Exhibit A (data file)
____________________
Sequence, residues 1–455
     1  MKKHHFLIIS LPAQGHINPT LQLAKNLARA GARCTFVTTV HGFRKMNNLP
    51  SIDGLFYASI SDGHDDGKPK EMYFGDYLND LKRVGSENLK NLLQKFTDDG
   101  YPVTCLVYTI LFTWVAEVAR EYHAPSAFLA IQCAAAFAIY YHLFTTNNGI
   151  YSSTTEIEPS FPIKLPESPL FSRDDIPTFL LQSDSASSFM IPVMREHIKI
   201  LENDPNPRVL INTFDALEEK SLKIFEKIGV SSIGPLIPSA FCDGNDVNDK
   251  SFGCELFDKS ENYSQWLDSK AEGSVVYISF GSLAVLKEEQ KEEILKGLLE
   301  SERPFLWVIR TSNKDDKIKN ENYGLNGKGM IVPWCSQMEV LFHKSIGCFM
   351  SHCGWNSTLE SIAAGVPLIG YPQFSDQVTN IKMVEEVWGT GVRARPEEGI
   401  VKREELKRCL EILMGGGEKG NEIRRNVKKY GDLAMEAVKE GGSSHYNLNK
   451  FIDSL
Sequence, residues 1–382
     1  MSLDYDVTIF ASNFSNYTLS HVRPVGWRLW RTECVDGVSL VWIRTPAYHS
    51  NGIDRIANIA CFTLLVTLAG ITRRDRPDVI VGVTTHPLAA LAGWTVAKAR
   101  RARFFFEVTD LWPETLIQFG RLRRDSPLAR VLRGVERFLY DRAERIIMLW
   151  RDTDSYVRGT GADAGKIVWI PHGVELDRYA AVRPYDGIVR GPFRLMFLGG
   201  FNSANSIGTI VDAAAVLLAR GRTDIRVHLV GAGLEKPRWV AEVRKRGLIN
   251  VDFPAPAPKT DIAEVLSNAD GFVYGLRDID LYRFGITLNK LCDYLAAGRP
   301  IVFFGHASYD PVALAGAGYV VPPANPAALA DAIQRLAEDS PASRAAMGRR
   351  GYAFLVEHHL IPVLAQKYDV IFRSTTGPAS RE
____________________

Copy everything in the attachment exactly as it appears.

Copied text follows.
Sequence, residues 1–455
     1  MKKHHFLIIS LPAQGHINPT LQLAKNLARA GARCTFVTTV HGFRKMNNLP
    51  SIDGLFYASI SDGHDDGKPK EMYFGDYLND LKRVGSENLK NLLQKFTDDG
   101  YPVTCLVYTI LFTWVAEVAR EYHAPSAFLA IQCAAAFAIY YHLFTTNNGI
   151  YSSTTEIEPS FPIKLPESPL FSRDDIPTFL LQSDSASSFM IPVMREHIKI
   201  LENDPNPRVL INTFDALEEK SLKIFEKIGV SSIGPLIPSA FCDGNDVNDK
   251  SFGCELFDKS ENYSQWLDSK AEGSVVYISF GSLAVLKEEQ KEEILKGLLE
   301  SERPFLWVIR TSNKDDKIKN ENYGLNGKGM IVPWCSQMEV LFHKSIGCFM
   351  SHCGWNSTLE SIAAGVPLIG YPQFSDQVTN IKMVEEVWGT GVRARPEEGI
   401  VKREELKRCL EILMGGGEKG NEIRRNVKKY GDLAMEAVKE GGSSHYNLNK
   451  FIDSL
Sequence, residues 1–382
     1  MSLDYDVTIF ASNFSNYTLS HVRPVGWRLW RTECVDGVSL VWIRTPAYHS
    51  NGIDRIANIA CFTLLVTLAG ITRRDRPDVI VGVTTHPLAA LAGWTVAKAR
   101  RARFFFEVTD LWPETLIQFG RLRRDSPLAR VLRGVERFLY DRAERIIMLW
   151  RDTDSYVRGT GADAGKIVWI PHGVELDRYA AVRPYDGIVR GPFRLMFLGG
   201  FNSANSIGTI VDAAAVLLAR GRTDIRVHLV GAGLEKPRWV AEVRKRGLIN
   251  VDFPAPAPKT DIAEVLSNAD GFVYGLRDID LYRFGITLNK LCDYLAAGRP
   301  IVFFGHASYD PVALAGAGYV VPPANPAALA DAIQRLAEDS PASRAAMGRR
   351  GYAFLVEHHL IPVLAQKYDV IFRSTTGPAS RE